Creative Writing Blog: Adventures of a socially awkward first-year

“It’s a small world,” we say to ourselves as we run into people we recognize in our ventures. And in comparison to the vast expanse outside, it truly is, a small world. But from an introspective angle, the space between one moment and the next, the moments leading up to sleep, or the feeling of satisfaction after a successful interaction, the world is enormous, wondrous, intimidating.

For the socially awkward, or even anxious new comers to this whirlwind of culture, information and stress, every day can be an overwhelming event.

For myself, the adventure begins when I leave the apartment. I kiss my boyfriend, or shan’t I say, my only friend, goodbye for the day. This is followed by a tightly packed, “I didn’t mean to touch your butt,” bus ride to school. There’s a surprising dilemma in deciding whether you’ll be seated, getting intimate with a stranger, or to stand with readied apologies at the tip of your tongue for blocking somebody’s path to the exit. More often than not, as the Carleton goers spill from the bus to the pavement, I am left quite flustered. Sometimes I am even blushing, filled with the embarrassment and regrets of these awkward encounters.

The avid Netflix-watcher, stay-in type of lady I am speaks volumes of my exercise regime, which is limited. My heels are hit hard, going from one side of campus to the other, trying to hold my exasperated breaths so as not to reveal to those around just how out of shape I am.  Arms clutched tight to my abdomen, eyes to the ground, breathing stifled, I make my way through the sea of people, each with their own purpose.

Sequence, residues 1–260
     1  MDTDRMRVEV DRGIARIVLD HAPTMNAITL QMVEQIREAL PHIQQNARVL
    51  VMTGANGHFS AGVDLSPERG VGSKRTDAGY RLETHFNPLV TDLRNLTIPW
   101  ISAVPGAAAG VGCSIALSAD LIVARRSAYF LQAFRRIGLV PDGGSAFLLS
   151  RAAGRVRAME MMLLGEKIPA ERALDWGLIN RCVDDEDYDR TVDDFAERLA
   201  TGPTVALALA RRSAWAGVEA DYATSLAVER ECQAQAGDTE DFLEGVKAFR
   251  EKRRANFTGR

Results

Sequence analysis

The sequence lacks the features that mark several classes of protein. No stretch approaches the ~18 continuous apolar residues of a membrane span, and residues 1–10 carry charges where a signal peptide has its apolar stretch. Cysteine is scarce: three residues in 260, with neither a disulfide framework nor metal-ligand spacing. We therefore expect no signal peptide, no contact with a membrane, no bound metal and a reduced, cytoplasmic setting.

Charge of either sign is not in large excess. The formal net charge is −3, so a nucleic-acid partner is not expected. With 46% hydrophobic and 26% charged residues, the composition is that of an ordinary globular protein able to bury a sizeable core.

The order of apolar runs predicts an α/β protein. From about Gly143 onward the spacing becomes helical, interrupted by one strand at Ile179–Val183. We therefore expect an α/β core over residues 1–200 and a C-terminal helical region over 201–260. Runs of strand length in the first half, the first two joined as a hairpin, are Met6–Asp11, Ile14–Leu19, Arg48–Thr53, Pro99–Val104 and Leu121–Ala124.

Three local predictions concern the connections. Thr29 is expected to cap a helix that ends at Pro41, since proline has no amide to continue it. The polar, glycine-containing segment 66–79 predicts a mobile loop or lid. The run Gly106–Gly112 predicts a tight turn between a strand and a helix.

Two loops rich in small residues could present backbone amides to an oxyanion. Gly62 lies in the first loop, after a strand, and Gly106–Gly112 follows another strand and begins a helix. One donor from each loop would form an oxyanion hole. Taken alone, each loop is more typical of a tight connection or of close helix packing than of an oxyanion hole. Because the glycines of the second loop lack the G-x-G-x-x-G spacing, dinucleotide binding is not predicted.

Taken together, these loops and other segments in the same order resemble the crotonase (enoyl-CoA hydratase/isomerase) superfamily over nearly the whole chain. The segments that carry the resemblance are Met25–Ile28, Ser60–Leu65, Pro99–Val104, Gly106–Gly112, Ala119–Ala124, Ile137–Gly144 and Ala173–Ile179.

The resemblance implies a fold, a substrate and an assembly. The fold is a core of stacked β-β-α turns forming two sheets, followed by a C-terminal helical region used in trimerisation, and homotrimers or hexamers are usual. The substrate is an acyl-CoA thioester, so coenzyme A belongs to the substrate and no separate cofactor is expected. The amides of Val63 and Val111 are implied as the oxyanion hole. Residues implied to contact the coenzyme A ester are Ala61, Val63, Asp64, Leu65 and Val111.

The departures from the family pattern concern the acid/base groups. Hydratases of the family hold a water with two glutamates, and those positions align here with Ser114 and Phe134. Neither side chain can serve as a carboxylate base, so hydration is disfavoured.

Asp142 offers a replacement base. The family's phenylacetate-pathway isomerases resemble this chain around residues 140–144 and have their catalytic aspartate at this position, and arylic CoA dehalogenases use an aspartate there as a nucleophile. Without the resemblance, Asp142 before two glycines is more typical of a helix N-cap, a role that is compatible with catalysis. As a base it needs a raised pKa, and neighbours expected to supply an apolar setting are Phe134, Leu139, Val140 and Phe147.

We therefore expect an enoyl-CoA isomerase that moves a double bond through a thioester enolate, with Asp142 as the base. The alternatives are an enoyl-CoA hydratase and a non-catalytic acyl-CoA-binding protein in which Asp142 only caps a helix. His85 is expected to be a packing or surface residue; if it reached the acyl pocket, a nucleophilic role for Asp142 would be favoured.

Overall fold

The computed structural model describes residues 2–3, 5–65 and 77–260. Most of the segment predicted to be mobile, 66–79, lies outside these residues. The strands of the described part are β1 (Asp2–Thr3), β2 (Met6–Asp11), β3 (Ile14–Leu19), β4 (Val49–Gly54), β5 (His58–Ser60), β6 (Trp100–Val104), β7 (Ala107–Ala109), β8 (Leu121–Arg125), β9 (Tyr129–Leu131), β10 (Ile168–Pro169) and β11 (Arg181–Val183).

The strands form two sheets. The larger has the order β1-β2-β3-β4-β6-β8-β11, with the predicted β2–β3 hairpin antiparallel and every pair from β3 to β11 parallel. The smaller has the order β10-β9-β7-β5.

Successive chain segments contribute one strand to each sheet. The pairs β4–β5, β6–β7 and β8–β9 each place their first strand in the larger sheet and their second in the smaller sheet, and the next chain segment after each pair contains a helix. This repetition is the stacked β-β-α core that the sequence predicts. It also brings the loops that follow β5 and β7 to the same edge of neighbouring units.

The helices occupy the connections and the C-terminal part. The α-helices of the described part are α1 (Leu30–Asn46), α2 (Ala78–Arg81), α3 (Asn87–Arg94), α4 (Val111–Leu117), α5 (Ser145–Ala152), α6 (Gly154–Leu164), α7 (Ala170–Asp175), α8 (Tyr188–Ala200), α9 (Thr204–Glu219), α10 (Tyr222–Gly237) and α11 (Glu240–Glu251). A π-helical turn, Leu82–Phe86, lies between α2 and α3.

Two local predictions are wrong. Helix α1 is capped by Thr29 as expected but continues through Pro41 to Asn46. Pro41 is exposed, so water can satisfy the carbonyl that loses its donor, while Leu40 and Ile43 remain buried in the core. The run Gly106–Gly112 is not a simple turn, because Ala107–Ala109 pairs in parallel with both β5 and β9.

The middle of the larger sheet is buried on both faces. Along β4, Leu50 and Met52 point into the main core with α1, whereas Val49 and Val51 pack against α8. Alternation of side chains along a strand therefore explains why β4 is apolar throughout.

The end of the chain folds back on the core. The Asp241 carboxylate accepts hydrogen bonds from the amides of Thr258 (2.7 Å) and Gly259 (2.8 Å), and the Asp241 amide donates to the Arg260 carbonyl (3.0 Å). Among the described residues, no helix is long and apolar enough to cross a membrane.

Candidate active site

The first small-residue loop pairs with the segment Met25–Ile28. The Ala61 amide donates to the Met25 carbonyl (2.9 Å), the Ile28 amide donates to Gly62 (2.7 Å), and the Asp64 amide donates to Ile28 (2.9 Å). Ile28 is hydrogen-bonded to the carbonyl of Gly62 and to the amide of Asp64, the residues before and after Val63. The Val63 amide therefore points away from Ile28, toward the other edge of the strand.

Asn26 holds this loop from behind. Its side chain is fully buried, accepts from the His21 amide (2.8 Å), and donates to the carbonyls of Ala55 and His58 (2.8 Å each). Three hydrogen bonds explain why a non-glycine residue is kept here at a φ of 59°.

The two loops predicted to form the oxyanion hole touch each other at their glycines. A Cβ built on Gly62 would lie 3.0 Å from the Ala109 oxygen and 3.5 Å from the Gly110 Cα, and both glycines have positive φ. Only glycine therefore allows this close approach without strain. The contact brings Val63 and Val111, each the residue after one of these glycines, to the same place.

It’s hard to say whose purpose is similar to mine, though I’m pretty sure an exchange of sympathetic eye contact is not going to bridge the way to friendship. University may be the best place to form meaningful friendships, but for those who experience similar struggles to mine, it sure can seem like the most difficult place to make those friendships. Large lectures, and general a desire to retain the immense amounts of information only adds to reasoning the intentional avoidance of conversation.

I use the word ‘conversation’ loosely. There is nothing engaging about small talk. I can understand if I come off as pretentious, but in reality it is just my own social inadequacy that spawns frustration.

This is the great double-edged sword of university: independence. The push of high school, the desire to satisfy others expectations is diminished. In return we’ve got all the power, here to get all of the ‘know how.’

It’s disorientating to say the least, for all students. What about the indecisive, the awkward, or the shy? Which way do we go? How do we get there, or build up the courage to do that without an idea of where it will take us? These questions can be paralyzing, especially for the socially awkward first year, I bet any year really.

Despite all of this, I get up in the morning, down my coffee, and drag myself to each and every class. Some days it takes more muster than others, but it gets better, tracking through this scary and wondrous world. This is what gives me confidence and hope to push for more in my day.

Sometimes it is a simple smile, other days I even succeed in a brief dialogue with my dignity intact. I will continue on my adventure, hoping to meet others like myself, because we need to join forces; however quietly it may be, to encourage one another to make it through the next adventure.